Self-Therapy For People Who ENJOY Learning About Themselves


Teenagers are trying to prove TO THEMSELVES that they don't need anyone. If you get in the way of this natural process, you will face big trouble. If you convince them that they do need you, they may never grow up and never experience success. If you abandon them emotionally, they may not even survive.


Parents who can't let go of their teens either find that they argue with them constantly or that their teens are extremely well-behaved.

Of these two, the constant arguing is by far the best outcome. Teens who have parents who won't let go and yet are extremely well-behaved have given up on growing up. They will either try to stay dependent on you all their lives, or they will always be searching for someone else to run their lives for them.


Unhealthy families tend to say: "It's my way or the road." When their teens express their needs, they are ignored.

So, since the teen world is sometimes a very scary world, these teens get their needs met someplace else.

If they are lucky, they find a good replacement for their abandoning parents. If they are unlucky, they find other frightened teens and form dangerous coalitions.


The solution is to imagine that there is an extremely loose rope tied between your waist and your teen's waist.

Most of the time neither of you even notices the rope. But once in a while you will feel a tug, when the teen says "I need you right now." That's when you can become active in their lives, with advice and love. When they get what they need, they will pull away again.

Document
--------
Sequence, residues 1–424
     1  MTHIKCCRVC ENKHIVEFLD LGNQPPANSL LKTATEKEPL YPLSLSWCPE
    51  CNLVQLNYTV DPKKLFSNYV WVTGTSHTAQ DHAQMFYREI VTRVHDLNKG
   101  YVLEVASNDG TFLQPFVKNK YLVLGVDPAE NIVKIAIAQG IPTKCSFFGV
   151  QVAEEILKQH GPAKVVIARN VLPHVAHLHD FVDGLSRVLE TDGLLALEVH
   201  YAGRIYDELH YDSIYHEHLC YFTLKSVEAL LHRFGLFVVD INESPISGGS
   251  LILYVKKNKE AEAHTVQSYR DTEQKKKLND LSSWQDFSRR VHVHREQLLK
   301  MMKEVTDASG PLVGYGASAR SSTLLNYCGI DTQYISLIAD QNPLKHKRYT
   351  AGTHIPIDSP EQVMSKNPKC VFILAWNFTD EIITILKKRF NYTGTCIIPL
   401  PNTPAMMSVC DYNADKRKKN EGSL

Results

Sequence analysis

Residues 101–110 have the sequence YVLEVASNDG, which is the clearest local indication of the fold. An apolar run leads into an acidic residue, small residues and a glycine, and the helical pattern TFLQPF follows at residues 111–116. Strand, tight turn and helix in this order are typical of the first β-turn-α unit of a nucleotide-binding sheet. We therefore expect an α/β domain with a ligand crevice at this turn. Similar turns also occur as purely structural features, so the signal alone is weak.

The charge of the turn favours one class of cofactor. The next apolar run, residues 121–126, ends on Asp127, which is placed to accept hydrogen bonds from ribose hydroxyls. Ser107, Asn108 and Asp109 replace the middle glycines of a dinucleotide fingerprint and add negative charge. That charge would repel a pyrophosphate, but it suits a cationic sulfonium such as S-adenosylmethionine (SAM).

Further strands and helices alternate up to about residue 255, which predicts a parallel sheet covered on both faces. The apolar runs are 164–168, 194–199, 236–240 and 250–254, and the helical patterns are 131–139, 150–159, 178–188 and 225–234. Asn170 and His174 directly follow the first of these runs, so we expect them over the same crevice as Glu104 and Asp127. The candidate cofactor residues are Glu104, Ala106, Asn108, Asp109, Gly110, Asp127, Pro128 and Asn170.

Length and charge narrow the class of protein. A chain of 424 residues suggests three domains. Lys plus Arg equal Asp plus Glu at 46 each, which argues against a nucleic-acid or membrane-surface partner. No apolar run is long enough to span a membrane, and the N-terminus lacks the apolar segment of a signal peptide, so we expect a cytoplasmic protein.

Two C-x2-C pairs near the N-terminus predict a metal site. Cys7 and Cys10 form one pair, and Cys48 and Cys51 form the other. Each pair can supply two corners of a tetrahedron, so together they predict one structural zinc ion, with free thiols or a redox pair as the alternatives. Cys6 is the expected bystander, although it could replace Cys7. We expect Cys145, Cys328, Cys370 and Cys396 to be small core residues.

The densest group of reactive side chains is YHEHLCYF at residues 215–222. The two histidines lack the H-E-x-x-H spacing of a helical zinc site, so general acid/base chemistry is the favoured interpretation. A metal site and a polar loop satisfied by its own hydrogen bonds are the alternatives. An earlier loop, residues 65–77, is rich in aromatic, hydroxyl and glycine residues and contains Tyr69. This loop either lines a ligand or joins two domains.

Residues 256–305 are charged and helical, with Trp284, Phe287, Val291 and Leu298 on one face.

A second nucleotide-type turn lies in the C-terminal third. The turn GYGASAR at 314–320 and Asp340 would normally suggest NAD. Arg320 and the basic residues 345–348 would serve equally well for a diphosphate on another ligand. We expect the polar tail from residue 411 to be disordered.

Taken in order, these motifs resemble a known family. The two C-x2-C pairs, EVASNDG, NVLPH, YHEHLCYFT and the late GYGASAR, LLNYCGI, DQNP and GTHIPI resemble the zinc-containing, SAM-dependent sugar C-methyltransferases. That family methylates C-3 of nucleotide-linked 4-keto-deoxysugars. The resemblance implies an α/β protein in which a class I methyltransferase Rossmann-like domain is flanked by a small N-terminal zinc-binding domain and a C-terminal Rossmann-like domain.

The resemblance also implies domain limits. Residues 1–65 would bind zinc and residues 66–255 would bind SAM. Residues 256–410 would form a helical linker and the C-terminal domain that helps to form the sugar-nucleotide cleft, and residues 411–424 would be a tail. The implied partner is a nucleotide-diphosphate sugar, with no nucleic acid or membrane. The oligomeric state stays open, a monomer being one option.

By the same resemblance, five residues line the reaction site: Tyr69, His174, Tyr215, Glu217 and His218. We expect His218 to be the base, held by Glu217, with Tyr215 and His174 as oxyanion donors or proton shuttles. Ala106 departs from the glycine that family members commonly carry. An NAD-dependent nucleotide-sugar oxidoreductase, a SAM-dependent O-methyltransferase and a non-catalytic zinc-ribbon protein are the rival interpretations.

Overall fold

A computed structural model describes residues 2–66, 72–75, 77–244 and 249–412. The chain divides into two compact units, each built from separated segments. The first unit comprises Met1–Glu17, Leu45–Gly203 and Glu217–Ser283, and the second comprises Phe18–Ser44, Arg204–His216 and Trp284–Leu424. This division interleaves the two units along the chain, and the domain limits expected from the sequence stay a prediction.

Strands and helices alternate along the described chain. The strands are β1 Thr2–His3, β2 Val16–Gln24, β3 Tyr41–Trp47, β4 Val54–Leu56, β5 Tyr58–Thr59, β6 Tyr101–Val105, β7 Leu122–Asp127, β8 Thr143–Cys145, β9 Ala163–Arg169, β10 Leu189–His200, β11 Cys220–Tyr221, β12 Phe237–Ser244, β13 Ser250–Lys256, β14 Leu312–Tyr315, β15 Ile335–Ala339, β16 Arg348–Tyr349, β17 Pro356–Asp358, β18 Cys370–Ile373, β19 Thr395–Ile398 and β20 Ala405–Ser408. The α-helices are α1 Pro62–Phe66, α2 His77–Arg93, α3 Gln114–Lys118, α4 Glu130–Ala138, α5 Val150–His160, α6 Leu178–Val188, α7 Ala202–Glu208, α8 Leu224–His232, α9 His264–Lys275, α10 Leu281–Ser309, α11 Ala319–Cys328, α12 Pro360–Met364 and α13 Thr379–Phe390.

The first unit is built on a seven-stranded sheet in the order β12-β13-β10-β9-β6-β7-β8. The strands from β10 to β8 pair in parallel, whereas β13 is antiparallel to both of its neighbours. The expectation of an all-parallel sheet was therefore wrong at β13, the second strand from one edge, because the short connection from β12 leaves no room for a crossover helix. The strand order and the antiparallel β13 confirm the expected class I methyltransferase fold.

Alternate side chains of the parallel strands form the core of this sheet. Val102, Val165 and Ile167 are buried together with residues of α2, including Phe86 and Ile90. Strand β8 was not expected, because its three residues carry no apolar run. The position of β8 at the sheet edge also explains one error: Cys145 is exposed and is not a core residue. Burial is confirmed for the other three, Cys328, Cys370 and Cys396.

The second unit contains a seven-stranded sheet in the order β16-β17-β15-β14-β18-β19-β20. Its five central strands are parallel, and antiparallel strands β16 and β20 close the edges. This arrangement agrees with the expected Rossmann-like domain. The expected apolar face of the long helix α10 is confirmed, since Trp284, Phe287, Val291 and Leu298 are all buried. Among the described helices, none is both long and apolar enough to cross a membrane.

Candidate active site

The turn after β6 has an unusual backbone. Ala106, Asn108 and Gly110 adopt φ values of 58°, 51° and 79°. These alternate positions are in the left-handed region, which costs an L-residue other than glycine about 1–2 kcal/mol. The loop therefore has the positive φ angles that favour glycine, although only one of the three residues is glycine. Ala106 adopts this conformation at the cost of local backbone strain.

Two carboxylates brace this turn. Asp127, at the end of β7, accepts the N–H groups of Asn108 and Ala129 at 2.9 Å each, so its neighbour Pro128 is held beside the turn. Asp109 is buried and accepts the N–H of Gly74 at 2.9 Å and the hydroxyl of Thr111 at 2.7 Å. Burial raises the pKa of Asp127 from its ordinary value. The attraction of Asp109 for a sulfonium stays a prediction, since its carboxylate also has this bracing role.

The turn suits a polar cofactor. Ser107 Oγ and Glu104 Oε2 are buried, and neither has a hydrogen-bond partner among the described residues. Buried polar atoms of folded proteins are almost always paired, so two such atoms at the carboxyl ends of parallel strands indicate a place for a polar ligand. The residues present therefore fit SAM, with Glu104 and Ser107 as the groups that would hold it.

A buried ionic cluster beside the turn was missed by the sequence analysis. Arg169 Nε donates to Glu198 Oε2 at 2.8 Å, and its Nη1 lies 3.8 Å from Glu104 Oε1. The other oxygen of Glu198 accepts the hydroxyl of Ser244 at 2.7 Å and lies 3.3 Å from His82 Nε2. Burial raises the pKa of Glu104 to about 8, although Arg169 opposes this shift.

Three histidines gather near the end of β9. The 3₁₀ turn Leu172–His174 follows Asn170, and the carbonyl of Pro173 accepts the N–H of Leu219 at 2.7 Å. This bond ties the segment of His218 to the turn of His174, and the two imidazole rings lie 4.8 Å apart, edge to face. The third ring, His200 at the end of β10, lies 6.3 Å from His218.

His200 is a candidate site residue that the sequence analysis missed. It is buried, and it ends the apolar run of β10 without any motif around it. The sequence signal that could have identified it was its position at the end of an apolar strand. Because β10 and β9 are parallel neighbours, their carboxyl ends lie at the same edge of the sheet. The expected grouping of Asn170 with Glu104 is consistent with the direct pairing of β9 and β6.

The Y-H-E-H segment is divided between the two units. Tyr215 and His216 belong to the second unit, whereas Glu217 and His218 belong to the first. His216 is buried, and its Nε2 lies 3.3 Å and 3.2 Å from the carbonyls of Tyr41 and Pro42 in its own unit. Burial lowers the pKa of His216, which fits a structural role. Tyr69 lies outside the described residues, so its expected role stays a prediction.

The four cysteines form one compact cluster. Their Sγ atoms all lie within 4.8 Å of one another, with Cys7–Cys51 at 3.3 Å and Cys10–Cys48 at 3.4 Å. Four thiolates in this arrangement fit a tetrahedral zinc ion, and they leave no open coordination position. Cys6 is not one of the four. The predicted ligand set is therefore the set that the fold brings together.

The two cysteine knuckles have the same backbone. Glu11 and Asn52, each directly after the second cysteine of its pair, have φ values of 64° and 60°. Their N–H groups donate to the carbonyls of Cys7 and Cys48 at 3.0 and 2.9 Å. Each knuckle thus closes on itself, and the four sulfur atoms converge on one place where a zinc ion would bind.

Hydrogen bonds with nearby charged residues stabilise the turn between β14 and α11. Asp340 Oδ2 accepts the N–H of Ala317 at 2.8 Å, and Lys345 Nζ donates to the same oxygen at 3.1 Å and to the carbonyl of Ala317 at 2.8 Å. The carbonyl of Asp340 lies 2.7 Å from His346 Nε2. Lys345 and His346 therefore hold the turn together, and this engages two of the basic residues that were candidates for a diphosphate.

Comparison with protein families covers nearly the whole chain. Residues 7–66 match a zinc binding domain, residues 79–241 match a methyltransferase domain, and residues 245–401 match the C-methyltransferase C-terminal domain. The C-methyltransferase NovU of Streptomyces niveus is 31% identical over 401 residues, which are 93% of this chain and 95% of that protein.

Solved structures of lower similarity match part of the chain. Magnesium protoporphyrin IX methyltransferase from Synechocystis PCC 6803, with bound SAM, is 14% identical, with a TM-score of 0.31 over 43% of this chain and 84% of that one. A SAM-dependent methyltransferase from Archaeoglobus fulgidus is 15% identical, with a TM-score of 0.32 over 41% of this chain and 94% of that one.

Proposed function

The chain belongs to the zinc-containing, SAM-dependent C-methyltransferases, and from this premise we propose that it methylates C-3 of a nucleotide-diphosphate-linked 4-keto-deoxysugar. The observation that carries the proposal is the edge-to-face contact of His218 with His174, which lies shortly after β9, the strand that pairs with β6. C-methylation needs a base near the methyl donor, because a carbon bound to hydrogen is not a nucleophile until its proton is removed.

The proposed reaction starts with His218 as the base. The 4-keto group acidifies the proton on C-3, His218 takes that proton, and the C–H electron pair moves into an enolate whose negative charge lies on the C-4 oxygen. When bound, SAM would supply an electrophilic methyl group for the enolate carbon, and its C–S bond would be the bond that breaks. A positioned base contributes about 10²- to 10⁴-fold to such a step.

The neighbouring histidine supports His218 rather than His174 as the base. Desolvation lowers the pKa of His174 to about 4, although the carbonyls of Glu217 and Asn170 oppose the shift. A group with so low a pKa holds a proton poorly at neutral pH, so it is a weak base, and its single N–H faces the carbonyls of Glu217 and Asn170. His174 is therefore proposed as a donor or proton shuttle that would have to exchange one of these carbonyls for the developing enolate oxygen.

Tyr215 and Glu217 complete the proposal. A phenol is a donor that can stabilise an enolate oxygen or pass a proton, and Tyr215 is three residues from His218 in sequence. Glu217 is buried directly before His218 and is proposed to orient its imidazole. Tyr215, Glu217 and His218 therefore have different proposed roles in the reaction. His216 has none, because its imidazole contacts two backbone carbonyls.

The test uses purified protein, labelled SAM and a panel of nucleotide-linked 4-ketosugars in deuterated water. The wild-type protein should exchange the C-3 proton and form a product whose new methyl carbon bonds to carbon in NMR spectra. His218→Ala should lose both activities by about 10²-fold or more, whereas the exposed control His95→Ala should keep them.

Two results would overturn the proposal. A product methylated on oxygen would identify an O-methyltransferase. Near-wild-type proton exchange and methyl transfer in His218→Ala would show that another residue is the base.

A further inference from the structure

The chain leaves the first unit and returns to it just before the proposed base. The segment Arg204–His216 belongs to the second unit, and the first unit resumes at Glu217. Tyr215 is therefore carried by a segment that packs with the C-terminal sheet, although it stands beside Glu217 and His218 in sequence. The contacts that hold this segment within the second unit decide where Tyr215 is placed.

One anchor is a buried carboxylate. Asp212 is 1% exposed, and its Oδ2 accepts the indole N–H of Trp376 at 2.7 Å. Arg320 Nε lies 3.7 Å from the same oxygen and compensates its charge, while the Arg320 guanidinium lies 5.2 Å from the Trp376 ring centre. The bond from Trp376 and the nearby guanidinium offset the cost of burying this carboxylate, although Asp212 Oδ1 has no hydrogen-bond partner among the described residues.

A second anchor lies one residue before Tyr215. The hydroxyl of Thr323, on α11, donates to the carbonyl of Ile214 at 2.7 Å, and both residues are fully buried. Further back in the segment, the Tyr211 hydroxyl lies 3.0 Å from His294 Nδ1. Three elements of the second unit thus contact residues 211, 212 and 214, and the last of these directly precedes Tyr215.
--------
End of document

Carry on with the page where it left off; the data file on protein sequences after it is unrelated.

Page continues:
The teen years are filled with experiments. When a healthy teen tries something and makes a mistake, you don't have to ask: "What did you learn?". They will tell you on their own (for your confirmation of their good judgment).


It is true that parents sometimes need to intervene in their teenager's lives even when they haven't been invited.

But the only times that we should intervene without an invitation are when there are questions of physical safety involved. (Even teenagers can tell that you care if your only motivation is to keep them safe!)


As your teenager tries to be completely independent, they will learn that the one thing they can't completely take care of on their own is their need for touch.

Out of this need, they will form extremely stormy relationships in which they cuddle and perhaps have sex while all the while denying that they need each other at all.

Parents need to stay out of teen relationships as much as possible. They are probably right when they say "we just don't understand." If you have announced your values about sex clearly, you have done all you can possibly do.

If the early childhood years went well, and if your teenager can see that you follow your own values and that they serve you well, your words will be engraved in their minds when they need to hear them.

If not, they will have to learn through their experiments.


Aside from getting the lawn mowed and the garage cleaned after a lot of nagging, not much! These years are for them. If things went well, we had about thirteen years of enjoyment while we watched them grow... and we can look forward to many more years of their friendship, love, and respect after they become adults.

But these teen years are for them. Spend these years preparing for new stages in your own life. Spend lots of time with your friends. Dive into your hobbies. Enjoy your relationship with your spouse. (It will be much easier now, because teens tend to be away from home a lot.)

next: Angels, Infants, and Hope

APA Reference
Staff, H. (2008, November 4). Teenagers, HealthyPlace. Retrieved on 2024, June 15 from

Last Updated: March 30, 2016

Medically reviewed by Harry Croft, MD

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